It is called "The Vatican, its Significance and its Monuments," and explains Catholicism as well as sightseeing tips.
Edmond Farhat, the author, said he was compelled to write the guide after working to represent the Vatican across North Africa.
He said: "I returned to Rome and it had completely changed. When I go to St. Peter's, I always meet Arab people who are looking to understand something," the Washington Post reported.
There are already various guides to the Vatican in Italian, English, French, German and other languages, but not in Arabic.
Mr Farhat said he aimed to fill this gap but wanted to offer more than just facts: "It's not only a guide to the monuments, but an introduction to the historical and cultural reality of what the Catholic Church is. It's the first Arabic book of its kind in modern times.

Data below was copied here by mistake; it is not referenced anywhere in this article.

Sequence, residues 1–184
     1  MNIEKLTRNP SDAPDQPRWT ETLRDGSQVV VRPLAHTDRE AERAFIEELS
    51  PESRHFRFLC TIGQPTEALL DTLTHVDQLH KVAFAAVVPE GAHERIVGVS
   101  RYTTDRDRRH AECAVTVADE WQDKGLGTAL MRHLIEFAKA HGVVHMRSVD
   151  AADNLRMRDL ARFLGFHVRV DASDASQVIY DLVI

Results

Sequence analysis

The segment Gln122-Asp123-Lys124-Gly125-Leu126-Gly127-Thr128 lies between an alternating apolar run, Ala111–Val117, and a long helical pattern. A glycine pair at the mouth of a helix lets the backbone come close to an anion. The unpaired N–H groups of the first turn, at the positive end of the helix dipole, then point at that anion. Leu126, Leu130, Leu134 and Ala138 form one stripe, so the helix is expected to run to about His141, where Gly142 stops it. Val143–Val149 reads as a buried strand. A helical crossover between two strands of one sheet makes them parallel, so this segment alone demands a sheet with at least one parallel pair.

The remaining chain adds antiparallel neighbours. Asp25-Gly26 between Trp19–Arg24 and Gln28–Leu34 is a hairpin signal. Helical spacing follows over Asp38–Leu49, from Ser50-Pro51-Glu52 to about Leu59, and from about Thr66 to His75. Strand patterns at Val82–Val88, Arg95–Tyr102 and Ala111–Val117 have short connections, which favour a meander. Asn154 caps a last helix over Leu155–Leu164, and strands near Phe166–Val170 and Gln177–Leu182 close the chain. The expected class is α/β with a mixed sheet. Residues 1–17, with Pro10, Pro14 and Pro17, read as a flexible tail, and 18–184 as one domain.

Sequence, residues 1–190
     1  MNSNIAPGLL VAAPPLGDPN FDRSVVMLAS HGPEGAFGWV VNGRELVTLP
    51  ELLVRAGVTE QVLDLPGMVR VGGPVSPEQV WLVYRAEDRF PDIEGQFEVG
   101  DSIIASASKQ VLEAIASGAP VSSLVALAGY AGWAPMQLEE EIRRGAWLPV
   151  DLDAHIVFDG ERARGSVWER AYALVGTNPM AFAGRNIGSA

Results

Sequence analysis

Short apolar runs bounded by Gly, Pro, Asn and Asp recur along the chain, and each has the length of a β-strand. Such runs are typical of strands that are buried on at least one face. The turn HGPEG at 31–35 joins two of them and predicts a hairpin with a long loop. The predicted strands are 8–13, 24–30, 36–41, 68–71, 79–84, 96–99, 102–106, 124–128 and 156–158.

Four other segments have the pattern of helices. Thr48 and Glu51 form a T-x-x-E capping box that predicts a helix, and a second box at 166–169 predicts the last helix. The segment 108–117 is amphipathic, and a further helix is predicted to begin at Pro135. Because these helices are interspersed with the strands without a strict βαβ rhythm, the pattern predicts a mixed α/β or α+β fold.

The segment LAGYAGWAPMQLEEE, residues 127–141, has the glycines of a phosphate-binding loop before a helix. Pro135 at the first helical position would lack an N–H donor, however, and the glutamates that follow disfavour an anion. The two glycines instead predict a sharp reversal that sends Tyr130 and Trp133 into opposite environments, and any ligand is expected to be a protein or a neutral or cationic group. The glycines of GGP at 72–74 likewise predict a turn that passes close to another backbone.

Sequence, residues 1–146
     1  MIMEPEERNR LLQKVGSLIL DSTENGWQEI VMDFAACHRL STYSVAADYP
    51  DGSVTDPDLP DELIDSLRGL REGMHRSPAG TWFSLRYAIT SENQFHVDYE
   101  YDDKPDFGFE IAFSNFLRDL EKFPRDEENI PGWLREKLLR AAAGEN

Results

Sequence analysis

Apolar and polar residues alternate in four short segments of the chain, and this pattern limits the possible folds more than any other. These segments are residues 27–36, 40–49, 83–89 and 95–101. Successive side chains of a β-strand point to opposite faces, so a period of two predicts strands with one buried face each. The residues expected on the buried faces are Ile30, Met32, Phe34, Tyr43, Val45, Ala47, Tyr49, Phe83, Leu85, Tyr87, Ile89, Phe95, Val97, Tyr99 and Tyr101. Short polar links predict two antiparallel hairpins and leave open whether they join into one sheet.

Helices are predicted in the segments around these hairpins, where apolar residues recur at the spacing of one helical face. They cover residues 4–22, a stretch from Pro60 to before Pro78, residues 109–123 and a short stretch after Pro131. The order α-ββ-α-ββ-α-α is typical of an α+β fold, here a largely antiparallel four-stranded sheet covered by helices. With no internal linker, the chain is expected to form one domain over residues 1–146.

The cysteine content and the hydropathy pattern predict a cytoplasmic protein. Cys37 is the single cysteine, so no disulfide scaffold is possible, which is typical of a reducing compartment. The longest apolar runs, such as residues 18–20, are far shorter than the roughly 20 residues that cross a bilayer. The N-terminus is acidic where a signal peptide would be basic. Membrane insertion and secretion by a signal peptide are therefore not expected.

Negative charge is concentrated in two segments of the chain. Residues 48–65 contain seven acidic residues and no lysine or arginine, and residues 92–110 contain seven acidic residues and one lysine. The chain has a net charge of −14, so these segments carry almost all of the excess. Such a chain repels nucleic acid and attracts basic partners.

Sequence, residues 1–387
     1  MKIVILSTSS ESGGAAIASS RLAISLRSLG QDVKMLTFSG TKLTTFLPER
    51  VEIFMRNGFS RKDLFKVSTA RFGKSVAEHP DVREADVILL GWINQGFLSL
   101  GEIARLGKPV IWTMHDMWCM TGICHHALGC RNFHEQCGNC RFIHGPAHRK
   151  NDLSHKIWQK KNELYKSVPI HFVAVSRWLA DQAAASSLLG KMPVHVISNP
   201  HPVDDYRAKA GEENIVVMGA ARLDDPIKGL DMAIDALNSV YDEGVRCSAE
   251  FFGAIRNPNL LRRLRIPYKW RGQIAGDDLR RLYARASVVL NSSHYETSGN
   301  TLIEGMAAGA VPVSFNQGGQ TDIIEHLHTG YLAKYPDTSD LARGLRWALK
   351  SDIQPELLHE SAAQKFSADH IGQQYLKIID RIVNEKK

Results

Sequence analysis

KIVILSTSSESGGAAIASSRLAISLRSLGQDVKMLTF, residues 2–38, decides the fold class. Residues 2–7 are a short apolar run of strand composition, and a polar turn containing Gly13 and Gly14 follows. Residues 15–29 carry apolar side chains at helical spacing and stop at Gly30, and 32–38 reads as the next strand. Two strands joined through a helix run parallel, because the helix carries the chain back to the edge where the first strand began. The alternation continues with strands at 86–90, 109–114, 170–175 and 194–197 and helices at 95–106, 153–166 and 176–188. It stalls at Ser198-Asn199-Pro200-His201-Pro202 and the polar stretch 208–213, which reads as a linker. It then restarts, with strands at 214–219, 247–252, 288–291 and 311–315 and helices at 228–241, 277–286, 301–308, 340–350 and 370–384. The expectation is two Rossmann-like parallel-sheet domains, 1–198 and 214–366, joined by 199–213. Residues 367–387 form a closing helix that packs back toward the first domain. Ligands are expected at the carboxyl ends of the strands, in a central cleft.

"Culture doesn't have a colour, a race or a language; it's of interest to all of mankind."
The guide is being published as Pope Francis continues to push for dialogue with leaders and their communities in the Middle East.
In May the Pope welcomed the Palestinian President Mahmoud Abbas to the Vatican to celebrate the canonization of two 19th-century nuns, the first Catholic saints to come from Palestine.